7. Parallax View – Green Lantern Vol. 3 #63-64: By Ron Marz, Darryl Banks, Mark Bright, Mike DeCarlo, Romeo Tanghal, Steve Mattsson & Albert DeGuzman. Marz and Banks continue their development of Hal as something different here. After his fall in Emerald Twilight and failed attempt at fixing things in Zero Hour, Hal Jordan, seemingly back to normal, confronts Kyle and the last Guardian, Ganthat in Kyle’s home to ask for his ring back. Marz does such amazing work writing him with an off kilter, disturbing tone where you dont quite know what to believe or think as the tension climbs like a slow burn horror movie. Marz doesn’t get enough credit for writing Parallax’s shattered, ever changing mental health struggles so well. Soon enough he flips out and reverts to his Parallax look and starts just wailing on Kyle to take back his role as Green Lantern. Ganthet assembles a ragtag group of the old Justice League to confront Hal and they try to talk him down but a huge dogpile fight happens. Superman eventually joins and Hal takes them all out, puts his ring back on and changes his look to his GL outfit. Ganthet as well as Kyle, now just barely standing, wielding a steel pipe, try to yet again talk some sense into him and show him that he can’t go back to the way things were. I love this whole sequence because it’s just as much about Hal as it is about the comics industry as a whole. Change is a constant. We can’t just keep going back to the original superhero status quo you read as a kid. Shakeups need to happen. Characters need to evolve and, like Hal says at the end here, become something else. He merges with Ganthet and leaves as Kyle and the heroes regroup. The absolute BEST part of these issues is the ending that hits you in the gut SO HARD!! You see an epilogue drawn by Mark Bright who had done the majority of art for the Post Crisis Hal stories give us a scene of Hal Jordan as Green Lantern, returning a lost dog to a crying boy. A big bold splash page is next – The boy calls him his hero and remarks how he makes Coast City the best place in the world to live. Hal replies : That’s what I’m here for!” beaming, swelling with muscles and power, the very picture of the ideal superhero. The splash page has a corner box of this same image in greyscale in an oval. As you turn the page, it keeps zooming out showing us this image is taking place in Parallax’s eye, in his broken mind, his mouth agape in an almost catatonic way. The final image of the book is Hal as Parallax sadly sitting, alone on some alien world. He looks mentally destroyed, clutching his shins as he pulls his legs closer to his body like a hurt child. It is an utterly heartbreaking and extremely powerful image that just knocks me on my ass every time I see it. I’m getting chills just describing it.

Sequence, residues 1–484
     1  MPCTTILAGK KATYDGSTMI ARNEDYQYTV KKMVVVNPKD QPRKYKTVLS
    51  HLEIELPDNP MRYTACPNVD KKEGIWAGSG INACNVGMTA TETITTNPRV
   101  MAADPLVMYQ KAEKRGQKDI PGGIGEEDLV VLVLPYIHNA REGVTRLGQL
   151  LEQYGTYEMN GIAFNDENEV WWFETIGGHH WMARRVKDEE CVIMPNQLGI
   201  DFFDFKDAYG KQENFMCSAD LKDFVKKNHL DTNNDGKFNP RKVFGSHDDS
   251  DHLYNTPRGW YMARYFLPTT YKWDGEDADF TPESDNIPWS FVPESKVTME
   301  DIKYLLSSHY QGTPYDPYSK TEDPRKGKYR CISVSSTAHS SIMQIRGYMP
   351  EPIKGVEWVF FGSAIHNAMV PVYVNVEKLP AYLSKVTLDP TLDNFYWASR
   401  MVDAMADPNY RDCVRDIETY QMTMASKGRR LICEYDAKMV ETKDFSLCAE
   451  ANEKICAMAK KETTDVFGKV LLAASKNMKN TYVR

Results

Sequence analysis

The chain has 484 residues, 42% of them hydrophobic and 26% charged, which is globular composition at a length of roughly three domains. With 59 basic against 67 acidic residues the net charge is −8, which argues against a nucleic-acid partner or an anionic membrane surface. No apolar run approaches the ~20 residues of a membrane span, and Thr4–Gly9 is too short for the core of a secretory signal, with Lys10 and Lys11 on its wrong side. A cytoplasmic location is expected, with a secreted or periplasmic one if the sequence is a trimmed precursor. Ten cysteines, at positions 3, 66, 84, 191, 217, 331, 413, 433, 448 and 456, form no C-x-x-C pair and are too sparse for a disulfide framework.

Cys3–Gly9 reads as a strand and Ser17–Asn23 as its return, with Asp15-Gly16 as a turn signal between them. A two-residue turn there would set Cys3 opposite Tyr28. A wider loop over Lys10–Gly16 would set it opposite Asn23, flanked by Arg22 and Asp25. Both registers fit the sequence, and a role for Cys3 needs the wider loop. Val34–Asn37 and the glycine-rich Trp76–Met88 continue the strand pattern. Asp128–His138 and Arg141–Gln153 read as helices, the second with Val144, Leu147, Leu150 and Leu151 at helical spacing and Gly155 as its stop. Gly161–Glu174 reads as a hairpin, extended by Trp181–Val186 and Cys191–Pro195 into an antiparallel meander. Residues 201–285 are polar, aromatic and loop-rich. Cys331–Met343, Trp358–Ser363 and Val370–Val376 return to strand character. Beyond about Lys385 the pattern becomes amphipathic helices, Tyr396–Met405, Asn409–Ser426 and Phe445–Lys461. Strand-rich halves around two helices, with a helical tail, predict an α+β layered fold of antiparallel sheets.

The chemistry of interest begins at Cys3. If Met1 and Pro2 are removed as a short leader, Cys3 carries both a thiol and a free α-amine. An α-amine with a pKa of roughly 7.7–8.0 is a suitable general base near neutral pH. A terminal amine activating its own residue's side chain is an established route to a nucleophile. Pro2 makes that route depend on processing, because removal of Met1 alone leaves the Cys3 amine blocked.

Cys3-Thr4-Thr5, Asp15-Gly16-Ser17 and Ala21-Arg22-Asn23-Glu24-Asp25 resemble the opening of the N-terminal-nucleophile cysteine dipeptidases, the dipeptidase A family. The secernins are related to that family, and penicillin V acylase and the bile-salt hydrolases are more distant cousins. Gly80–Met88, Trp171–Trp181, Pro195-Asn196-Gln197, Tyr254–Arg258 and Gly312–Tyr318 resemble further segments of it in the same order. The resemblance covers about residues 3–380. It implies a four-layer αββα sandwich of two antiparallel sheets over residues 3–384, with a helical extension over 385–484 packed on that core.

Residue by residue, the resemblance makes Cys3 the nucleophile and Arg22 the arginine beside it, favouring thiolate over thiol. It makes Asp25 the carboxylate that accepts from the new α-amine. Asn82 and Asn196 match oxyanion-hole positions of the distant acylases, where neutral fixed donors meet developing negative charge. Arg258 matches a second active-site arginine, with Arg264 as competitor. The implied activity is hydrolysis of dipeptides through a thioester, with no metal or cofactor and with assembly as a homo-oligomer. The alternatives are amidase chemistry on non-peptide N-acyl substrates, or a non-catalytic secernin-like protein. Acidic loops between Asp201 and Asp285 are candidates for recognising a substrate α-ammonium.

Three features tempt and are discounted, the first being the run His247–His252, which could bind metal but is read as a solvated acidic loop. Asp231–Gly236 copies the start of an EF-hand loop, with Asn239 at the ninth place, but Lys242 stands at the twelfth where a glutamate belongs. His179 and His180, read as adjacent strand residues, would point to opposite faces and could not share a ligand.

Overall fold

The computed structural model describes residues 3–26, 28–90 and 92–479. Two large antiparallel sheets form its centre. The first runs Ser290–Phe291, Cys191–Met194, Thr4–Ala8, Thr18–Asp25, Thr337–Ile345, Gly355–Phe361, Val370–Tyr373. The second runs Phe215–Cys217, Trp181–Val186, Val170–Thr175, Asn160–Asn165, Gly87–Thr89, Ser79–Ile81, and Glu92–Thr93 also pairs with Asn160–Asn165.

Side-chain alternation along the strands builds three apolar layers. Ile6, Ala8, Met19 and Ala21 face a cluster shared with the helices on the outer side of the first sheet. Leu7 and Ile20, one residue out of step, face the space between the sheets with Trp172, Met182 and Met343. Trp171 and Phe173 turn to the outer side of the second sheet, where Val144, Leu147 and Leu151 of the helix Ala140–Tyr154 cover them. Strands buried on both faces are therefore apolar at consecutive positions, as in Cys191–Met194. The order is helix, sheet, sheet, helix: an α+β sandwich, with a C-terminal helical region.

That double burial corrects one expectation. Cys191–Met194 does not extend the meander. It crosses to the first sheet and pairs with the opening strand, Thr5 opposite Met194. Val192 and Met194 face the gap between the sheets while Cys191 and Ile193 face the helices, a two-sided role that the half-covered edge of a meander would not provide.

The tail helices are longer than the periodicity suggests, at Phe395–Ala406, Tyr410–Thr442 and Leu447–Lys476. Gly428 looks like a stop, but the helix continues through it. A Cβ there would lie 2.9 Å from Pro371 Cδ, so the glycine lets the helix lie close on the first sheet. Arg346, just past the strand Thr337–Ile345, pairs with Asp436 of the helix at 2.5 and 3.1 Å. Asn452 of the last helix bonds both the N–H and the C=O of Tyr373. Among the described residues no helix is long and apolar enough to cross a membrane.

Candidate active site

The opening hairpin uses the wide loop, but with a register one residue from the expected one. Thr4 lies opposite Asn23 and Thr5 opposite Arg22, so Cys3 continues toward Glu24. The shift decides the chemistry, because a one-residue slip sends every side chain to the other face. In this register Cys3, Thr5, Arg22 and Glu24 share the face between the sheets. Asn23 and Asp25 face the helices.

8. Green Lantern Vol. 2 #172-#186: By Len Wein, Dave Gibbons, Anthony Tollin & more. Wein and Gibbons take over this book and give it a fresh start as they refocus things and bring Hal back to Earth after he’s been gone for a very long time per Guardian’s orders. Wein does such an amazing job with Hal’s supporting cast in such a short time giving us a very focused new status quo. You get a series of very fun battles with D-List villains like Javelin, the Shark and eternal personal faves of mine, the Demolition Team. Hal and Carol Ferris’ romance here is done in such a satisfying way and is pretty much the only time I’ve been into it. Halfway through Hal decides to give up the ring so he can stay on Earth and be with Carol. He becomes a major civilian co-star as John Stewart takes on the new main role of Green Lantern. This never quite hits a new creative renaissance high, but its just solid, heartfelt super hero comics. As meat and potatoes as they come, and sometimes that’s all you need to be a really solid favorite comic. The only downside here is that Wein & Gibbons create this new era and character shift but leave after 13 issues. This is Dave Gibbon’s best work in my opinion. Career high for sure. Better than any of his UK work, better than Watchmen, better than Super Soldier, better than Marsha Washington. It’s so clean and sharp and expressive. I absolutely love his art here.